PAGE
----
The Hunger Games

You don’t know it yet, but this blog is on a slow but inexorable journey towards filling itself with heaps of fluttering, pattering, sighing wedding posts. In pink.

It’s T-77 days until The Big Day and preparation is low. In between an unhealthy obsession for books, an unhealthy quantity of work, and a desire to see my friends and family at least occasionally, the wedding has been squeezed out of the picture.

But no longer. Obsession beckons.

It bloody needs to, to be honest. Where’s my inner bridezilla when I need her? Truth is, she’d rather sit on the sofa and eat cake. I am devoting more time in wedding preparation to daydreaming of the food I will eat in the months following my marriage than the day itself. Concern about this state of affairs was prompted by a weekend spent preparing for a friend’s upcoming wedding. Inevitably, she is a wedding planner, and 6 weeks out there is not an element that is not on a spreadsheet with a deadline and ranked list of stakeholders (almost.) I have not even had preliminary thoughts on such dainties as place names and table decoration, let alone signs to the loos painted in two complementary shades of Farrow & Ball.

With this awareness of so much to be done lurking at the corners of my vision, obviously, the only thing to be done is to ignore them completely and indulge in some easy reading. In this weakened, guilty state, I really couldn’t resist downing my A S Byatt (post upcoming) for a Good Friday of the teen book of the moment – The Hunger Games.

It was quite literally a Good Friday read – it slipped down in one day of dedicated reading time, outside, overlooking fields full of lambs. But this is to its credit – it’s utterly compulsive, and not only do you have to keep reading to the end to find out what happens; when you’ve finished you’re already twitching for the second and third volumes.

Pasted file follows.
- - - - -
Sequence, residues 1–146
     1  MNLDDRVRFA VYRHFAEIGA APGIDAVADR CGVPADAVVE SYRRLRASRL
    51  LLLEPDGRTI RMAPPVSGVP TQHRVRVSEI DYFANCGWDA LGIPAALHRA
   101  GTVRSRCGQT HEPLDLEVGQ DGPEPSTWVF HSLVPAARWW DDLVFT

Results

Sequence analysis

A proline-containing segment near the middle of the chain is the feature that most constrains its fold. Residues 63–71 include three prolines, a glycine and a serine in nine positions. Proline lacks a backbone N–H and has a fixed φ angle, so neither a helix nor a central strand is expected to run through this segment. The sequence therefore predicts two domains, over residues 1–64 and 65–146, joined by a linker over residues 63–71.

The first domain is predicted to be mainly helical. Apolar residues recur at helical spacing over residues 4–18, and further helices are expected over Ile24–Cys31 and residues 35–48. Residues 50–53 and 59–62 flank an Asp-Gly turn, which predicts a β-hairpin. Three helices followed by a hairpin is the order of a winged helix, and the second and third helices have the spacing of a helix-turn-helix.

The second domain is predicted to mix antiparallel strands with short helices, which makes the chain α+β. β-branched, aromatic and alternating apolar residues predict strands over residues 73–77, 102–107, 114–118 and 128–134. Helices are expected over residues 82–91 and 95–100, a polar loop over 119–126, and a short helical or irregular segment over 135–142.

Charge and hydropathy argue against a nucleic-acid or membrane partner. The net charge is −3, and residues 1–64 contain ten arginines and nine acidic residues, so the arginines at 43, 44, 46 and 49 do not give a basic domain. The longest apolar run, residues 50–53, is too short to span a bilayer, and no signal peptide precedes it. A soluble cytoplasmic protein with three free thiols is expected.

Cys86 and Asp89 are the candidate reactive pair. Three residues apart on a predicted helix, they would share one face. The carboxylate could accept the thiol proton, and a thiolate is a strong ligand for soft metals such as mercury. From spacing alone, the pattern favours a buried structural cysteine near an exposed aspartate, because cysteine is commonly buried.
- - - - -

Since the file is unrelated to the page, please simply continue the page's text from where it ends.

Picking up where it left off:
You’re bound to be aware of the basic premise of a forced reality-TV show in which contestants are forcibly picked from their separate districts and put into an arena with the only rule: the last one alive wins. Slap this in a post-apocalyptic America with a compellingly pragmatic narrator, terminally unimpressed by pretty much everything, and you’ve got a recipe for the next (and improved) Twilight. While Twilight’s Bella slumps around trying to hurt herself for just a glimpse of her undead love, Katniss stalks around killing things and people to protect herself and her family. Romance is just a whisper of her complicated and deadly reality, rather than the pivot around which everything swings. She has a canny eye for the media, a hot temper, and a soft streak. What she does have in common with Twilight’s Bella is a dryness and resistance to the expectations of people/society/media around them.

And it’s this similarity, I believe, which is at the heart of both series’ success. It’s this resistance that gets today’s girls’ hearts racing. We know and resent the supposed templates that we can fit into – career girl, bombshell, life-and-soul. So anything that articulates the voice inside us that’s wryly commenting how unlike ourselves and reality that is – it’s embraced.

The older you get, the less this template thing is part of your daily life, but it still lurks around to surprise you. I currently feel I’m failing at both Career Girl and Bride, and despite the fact I wasn’t consciously trying to nail those two templates, this awareness is acutely uncomfortable. So The Hunger Games – a world of necessity, independence, and keeping your own identity in the midst of impossible pressures – is glorious escapism. And, regardless of the merry depiction of a fleet of child murderers, it’s an excellent example to 12 year old girls or 25 year old non-career-girl/brides alike.

Of course, this is already out in the cinema with a beautiful cast that goes at least some way towards negating some of the deeper meaning. Never mind. Someone get me to the cinema with some cheap wine to watch this – now. The wedding posts will have to wait.

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One thought on “The Hunger Games

  1. Pingback: 2012: The Edit « Room of Joy

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